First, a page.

Sunday, July 7 - Friday, July 12
Instructor: John Blake
This summer, discover your inner Frank Lloyd Wright, your budding Frank Gehry, or your emerging I.M. Pei. The Beginning Design: Architecture + Interior Design course is a unique opportunity to peek into the lives of architects and designers. You will work in the design studios, be taught by Miami professors, and build from your own imagination. With a curriculum geared toward improving designs for creating competitive architecture and interior design portfolios, you will identify and examine several design topics. In multiple phases through a series of rigorous investigations and discoveries, you will practice fundamental design principles. The overriding emphasis will be placed on the "process" of design. Where might it start? How does it evolve? Learn to develop your own ideas and use them to drive the creation of space and form. At the end of the session, you will have an exhibition of works you've created as well as documentation and analysis to enhance your college admission application.
Instructor: Dr. Jennifer Quinn
How much of our brains do we really use? Are we really “right-brained” or “left-brained”?
Misconceptions about the structure and function of the human brain are all too common. Once these myths are widely disseminated, it is often difficult to separate scientific fact from fiction. This module will examine some of these myths, and provide you with the science and investigative tools to effectively debunk them. You will have the opportunity to examine real brains, observe direct brain manipulation techniques, and interact with researchers in their laboratories. As part of a team, you will select a cluster of related myths to evaluate, present the scientific evidence to dispel them, and create games to educate others about these misconceptions.
Instructor: Jim Leonard
It's science. Not fiction. This summer, delve headfirst into the realms of engineering and computing by designing and building a computer-controlled robot. First, you'll learn how they communicate. Through the wires and steel runs a rich programming language that reads light sensors and controls drive motors. Next, you and your team will apply those concepts to the design of your own robotic vehicle. Your team will assemble it, program it, and test it. Then, your robot will face off in performing its task against the other teams' creations. The winner will be crowned. The universe might be saved by building a computer-controlled robot.
Instructor: Dr. Jim Friedman
The secret to success in life and business can be found in the entrepreneurial mindset. The entrepreneurship track of the Summer Scholars Program exposes students to the fun and excitement of bringing ideas to life. You will participate in interactive, hands-on projects where you will be exposed to what it takes to build companies, teams, and insight. Whatever your interests — building a small start-up company, creating a major corporation, driving meaningful social change, or working in creative fields — we will build ideas, form teams, and create the structure that builds success.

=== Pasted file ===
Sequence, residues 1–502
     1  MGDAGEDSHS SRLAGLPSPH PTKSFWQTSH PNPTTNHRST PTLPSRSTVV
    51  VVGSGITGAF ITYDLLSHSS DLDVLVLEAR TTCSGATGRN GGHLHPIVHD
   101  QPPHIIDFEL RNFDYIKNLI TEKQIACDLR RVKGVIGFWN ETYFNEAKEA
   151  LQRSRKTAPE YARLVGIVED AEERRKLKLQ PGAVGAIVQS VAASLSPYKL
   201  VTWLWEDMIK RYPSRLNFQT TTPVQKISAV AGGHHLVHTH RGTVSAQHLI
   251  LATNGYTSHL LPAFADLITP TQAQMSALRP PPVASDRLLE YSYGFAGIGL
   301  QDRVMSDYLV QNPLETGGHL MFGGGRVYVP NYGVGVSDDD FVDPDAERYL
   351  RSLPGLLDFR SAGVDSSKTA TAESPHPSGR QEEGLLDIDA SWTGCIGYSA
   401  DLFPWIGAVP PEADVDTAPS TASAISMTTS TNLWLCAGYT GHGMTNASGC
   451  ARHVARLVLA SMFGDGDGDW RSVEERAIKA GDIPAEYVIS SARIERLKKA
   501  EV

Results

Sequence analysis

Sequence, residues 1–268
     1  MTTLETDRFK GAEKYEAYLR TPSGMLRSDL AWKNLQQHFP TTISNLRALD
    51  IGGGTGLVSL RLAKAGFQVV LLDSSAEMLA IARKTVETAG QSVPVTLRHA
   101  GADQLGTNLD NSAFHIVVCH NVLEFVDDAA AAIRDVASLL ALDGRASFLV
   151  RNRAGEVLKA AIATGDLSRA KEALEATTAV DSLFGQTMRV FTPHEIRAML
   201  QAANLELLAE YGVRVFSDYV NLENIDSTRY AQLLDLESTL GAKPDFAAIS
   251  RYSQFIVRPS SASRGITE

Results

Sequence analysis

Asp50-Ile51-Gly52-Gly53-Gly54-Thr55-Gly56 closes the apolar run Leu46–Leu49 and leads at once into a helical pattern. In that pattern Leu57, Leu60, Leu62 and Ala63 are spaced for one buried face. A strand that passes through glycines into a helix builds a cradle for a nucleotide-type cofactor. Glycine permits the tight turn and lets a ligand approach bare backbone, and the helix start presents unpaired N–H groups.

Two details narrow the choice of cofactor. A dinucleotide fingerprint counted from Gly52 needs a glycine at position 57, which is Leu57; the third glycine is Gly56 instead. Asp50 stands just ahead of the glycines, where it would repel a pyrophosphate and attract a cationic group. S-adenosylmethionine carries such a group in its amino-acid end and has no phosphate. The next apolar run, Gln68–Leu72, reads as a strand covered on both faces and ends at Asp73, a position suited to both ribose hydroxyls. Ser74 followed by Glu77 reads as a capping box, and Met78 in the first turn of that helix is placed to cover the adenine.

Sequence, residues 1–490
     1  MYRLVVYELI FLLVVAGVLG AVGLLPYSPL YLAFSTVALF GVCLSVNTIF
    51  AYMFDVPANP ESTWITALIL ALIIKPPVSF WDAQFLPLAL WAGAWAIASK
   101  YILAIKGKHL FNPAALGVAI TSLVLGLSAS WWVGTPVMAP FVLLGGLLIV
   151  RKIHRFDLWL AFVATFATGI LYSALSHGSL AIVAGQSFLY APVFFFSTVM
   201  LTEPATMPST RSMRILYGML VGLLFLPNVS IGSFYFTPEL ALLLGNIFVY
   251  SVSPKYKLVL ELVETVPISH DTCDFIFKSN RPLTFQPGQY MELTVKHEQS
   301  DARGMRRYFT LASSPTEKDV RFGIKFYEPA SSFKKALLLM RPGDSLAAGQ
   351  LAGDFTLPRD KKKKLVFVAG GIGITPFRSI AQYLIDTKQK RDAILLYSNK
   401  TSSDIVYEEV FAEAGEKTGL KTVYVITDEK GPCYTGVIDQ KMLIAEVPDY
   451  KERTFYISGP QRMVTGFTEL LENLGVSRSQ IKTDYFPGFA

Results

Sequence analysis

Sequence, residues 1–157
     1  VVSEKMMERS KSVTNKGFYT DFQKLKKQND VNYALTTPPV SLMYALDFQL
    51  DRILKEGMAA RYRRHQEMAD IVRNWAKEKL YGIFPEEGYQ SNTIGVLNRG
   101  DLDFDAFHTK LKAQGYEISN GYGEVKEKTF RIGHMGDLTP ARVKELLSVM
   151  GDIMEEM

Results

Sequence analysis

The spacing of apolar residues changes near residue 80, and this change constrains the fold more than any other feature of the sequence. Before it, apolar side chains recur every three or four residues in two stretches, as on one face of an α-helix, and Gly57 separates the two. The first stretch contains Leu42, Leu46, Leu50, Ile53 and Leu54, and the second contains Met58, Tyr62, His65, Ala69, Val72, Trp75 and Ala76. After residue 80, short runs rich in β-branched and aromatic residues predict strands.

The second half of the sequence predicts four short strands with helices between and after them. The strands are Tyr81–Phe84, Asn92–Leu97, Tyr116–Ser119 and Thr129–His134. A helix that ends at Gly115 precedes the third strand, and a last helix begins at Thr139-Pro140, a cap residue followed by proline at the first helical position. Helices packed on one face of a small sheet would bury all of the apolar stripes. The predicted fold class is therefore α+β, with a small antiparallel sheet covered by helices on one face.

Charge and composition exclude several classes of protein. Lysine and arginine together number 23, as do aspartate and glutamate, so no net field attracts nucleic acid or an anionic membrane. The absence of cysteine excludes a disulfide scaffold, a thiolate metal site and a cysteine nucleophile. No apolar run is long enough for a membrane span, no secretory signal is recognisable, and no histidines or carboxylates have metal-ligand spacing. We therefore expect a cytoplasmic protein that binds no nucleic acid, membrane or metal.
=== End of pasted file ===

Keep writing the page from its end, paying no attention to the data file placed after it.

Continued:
Instructor: Dr. Amy Roberts
Students will engage in activities to explore how they can make a difference in the world through various helping professions (e.g., social work, family life education, marriage and family therapy, child life specialists, and other closely related fields). Students can look forward to learning about on-campus programs to support student wellness, hearing from guest speakers working in each profession/area, role-plays, demonstrations, and creating a vision board to illustrate future goals. This session will also include the opportunity for students to earn a Certificate in Mental Health First Aid for the purpose of increasing knowledge and reducing the stigma surrounding mental health. At the completion of the module, students will identify which helping professions are of interest and set goals for their individual pathways to the professions.
Instructor: Prince Edward Johnson, II
Learn about transformative education, its potential for social renewal and capacity building, and its relationship to Miami University’s rich history related to Freedom Summer. This program will include dialogue and discussion about various issues about education that students, schools, and communities are facing in our society. There will be experiential activities that center youth voices and arts integration about educational deliberation including opportunities connected to theater of the oppressed and youth participatory action research. Students will learn foundational skills related to democratic thinking, teaching, and learning. This module is intended for students in Cincinnati Public Schools who are interested in or already a part of the TEACh Cincinnati program.
Instructor: Gylaine Gilmore